A friend, trying to set me up on a blind date, asked about my hobbies. I talked about running and fitness, writing and reading, and then mentioned some of my less-known pastimes: domestic activities like cooking and baking and sewing.
My friend then told me I was homely.
So I explained that "homely" primarily means "ugly" or "unattractive," and I thought he meant "domestic." (He’s not a native English speaker. I decided to assume he was mistaken in his word choice. Still hoping.)
My mother is amazing—yet not very domestic. Neither were my grandmothers. I'm not sure why. All of them worked, yes, and so do I. The one great-grandmother who I knew quilted and baked in volumes I've never since seen—and she was as involved in the farm business as my great-grandfather. So I don't think housewifery is necessary for domesticity.
My great-grandmother was too elderly to teach me by the time I wanted to learn. Given that my mother and grandmothers weren't, as my friend would say, "homely," I didn't learn at their hips as I grew up.
I'm not sure why I suddenly craved knowledge of nearly bygone domestic activity. Credit nostalgia. Credit my love of quiet and deliberation and craft and creation. Whatever the cause, I wanted to learn.
Growing up, I'd done needlepoint, cross-stitch, and latch-hook rugs. I remember finding needlepoint especially soothing. (I wonder if I still would?)
That was about it.
So, first, I taught myself how to quilt. I'd loved my great-grandmother's quilts, which were all over her farm house and all over my grandmother’s house. My mom had one or two as well. My father's mother gave me a quilt from my great-aunt, which I cherished. (Interesting aside: My quilting great-grandmother, who came from my mother's side, and my quilting great-aunt, who came from my father's side, were named Hazel.) At first I hand pieced and hand quilted, yet now I machine piece the design. I still hand quilt. (Only quilters will understand the meaning of this, I know.)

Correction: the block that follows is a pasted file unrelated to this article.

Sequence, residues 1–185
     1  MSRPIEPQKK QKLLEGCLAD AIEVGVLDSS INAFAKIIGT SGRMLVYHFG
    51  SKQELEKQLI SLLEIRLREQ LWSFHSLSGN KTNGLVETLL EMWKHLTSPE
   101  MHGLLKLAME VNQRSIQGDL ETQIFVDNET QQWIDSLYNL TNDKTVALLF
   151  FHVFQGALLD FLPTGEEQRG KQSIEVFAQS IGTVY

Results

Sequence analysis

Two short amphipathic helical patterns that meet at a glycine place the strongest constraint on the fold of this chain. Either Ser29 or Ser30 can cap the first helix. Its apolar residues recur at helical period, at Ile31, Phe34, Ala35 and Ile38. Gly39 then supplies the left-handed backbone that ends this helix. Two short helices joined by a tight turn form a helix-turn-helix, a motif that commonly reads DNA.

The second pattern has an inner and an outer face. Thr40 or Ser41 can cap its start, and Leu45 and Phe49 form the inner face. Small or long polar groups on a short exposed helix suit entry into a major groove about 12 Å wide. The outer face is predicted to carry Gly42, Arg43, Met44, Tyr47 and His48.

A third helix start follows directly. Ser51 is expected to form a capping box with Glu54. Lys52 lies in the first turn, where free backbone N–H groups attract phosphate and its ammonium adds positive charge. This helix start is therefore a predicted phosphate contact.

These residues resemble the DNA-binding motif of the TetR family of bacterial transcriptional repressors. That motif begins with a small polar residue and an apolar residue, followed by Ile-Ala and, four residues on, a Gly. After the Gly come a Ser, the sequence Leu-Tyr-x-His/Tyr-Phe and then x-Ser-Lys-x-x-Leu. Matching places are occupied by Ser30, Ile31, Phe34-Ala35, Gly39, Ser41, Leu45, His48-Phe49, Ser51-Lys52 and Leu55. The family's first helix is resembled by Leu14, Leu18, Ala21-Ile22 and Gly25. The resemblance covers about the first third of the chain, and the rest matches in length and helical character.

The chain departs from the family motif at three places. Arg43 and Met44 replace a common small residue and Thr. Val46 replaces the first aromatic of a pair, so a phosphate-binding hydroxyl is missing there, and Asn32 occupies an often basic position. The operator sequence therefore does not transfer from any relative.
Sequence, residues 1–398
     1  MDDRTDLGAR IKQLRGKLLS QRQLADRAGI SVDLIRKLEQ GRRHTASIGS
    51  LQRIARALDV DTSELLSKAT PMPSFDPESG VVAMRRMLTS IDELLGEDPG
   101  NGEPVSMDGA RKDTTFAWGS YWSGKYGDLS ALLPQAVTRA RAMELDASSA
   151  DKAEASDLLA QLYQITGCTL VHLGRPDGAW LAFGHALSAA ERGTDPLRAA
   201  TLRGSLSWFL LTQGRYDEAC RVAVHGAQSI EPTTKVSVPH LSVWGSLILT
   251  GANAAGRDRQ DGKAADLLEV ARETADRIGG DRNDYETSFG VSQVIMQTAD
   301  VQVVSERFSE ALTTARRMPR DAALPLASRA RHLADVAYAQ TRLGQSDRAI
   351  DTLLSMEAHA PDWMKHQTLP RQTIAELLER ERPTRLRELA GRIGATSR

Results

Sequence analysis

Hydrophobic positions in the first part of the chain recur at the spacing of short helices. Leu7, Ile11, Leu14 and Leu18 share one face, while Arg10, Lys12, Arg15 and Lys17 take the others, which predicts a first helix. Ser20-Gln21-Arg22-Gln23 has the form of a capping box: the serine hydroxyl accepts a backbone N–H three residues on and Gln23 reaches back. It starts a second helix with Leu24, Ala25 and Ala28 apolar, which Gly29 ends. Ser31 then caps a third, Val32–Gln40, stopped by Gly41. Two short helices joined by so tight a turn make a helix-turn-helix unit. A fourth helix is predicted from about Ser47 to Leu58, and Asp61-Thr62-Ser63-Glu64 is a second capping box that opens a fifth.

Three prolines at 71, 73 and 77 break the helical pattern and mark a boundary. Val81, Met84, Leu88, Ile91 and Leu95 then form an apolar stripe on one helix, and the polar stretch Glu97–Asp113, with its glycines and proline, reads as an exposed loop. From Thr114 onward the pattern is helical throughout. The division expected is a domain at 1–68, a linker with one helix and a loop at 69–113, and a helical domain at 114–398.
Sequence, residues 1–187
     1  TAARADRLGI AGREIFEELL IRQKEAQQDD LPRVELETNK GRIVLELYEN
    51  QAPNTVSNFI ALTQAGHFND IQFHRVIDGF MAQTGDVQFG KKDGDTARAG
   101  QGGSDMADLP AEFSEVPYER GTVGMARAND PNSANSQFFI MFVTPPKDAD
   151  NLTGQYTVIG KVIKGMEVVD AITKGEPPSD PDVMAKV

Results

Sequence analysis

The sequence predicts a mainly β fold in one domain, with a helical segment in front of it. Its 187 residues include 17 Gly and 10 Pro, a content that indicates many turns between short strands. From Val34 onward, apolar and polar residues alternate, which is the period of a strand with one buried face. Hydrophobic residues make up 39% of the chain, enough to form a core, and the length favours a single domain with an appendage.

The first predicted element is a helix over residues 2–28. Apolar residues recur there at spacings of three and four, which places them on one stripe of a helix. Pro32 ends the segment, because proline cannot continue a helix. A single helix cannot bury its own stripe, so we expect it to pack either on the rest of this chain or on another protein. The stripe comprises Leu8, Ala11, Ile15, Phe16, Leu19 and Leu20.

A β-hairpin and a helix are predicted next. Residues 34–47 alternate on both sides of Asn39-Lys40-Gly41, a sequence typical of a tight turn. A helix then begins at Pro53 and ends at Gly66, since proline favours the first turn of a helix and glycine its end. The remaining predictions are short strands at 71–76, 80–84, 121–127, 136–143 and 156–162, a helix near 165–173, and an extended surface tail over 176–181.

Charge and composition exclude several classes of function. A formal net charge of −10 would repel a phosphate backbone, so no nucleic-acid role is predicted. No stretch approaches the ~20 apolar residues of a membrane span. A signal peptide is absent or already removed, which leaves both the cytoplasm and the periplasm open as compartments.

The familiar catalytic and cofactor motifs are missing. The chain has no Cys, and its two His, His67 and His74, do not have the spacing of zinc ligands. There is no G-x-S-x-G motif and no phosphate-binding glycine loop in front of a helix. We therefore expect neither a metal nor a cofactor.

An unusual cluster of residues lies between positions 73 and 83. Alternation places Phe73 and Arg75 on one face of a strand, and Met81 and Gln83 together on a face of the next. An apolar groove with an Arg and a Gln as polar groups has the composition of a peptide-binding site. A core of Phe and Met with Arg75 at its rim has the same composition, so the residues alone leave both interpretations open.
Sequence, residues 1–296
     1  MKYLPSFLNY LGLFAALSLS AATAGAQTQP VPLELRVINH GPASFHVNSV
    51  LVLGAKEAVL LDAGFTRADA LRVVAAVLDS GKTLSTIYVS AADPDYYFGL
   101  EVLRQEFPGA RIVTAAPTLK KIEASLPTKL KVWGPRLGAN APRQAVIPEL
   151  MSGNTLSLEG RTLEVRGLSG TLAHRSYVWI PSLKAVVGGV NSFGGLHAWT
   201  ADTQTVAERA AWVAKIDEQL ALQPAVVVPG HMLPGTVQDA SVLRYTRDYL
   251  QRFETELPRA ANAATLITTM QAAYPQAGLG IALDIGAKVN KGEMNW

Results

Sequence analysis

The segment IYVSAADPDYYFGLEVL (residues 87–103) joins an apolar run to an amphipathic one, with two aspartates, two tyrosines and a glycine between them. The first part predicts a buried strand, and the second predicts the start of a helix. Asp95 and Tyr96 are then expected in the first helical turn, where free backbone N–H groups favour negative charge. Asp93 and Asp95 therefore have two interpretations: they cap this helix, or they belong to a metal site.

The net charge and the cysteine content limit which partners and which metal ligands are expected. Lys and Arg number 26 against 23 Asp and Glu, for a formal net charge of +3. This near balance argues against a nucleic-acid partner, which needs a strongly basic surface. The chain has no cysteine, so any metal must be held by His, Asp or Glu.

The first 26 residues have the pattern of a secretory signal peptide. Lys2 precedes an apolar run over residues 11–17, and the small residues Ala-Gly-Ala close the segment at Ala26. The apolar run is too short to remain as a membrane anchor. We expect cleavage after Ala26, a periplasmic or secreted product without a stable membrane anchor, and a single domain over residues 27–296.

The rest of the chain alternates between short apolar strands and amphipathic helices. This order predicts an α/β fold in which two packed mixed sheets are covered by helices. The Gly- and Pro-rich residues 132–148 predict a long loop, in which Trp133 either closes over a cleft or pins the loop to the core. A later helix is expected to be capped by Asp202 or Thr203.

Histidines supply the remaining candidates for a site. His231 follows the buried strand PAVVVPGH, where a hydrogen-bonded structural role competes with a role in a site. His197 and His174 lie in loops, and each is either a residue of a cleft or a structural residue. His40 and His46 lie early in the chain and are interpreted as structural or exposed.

Then I taught myself to knit, but I had no knack for it. I made a couple little trinkets and a teddy bear for my brother, but I didn't love the process or my results.
Next, while living in London, I taught myself to cook. London was an odd choice of location for this project, as the kitchen was a tiny little area fashioned out of what was once the house's scullery. I had no modern cooking appliances—not even a microwave.
I’d always been a baker—mainly of cookies as a kid—but after learning to cook, I decided I wanted to truly learn to bake. (And in the process, I learned that I love baking far more than cooking.) I started the learning process in London and perfected it in Houston. I baked fresh bread of all kinds, sweets and cakes, and finally moved on to pies—a tip of the hat to my great-grandmother, who made pie almost every morning. (And who doesn't love pie?)
I've gotten to the point that I prefer my own home-cooked food to anything I can get at a restaurant—even the fanciest one.
Oh, I didn't stop there. Next I taught myself to do basic, practical sewing, making simple skirts tailored to my frame. (I can't recommend doing this more highly. Cute skirts in any color that fit well? What girl wouldn't want that? Get started with this book—I did.)
I'm not sure what I’ll pick up next. Maybe I've covered it. Sure, there are still endless skills I could learn in the domestic arena, but none have piqued my interested quite yet.
Are there any "old fashioned" domestic hobbies you love?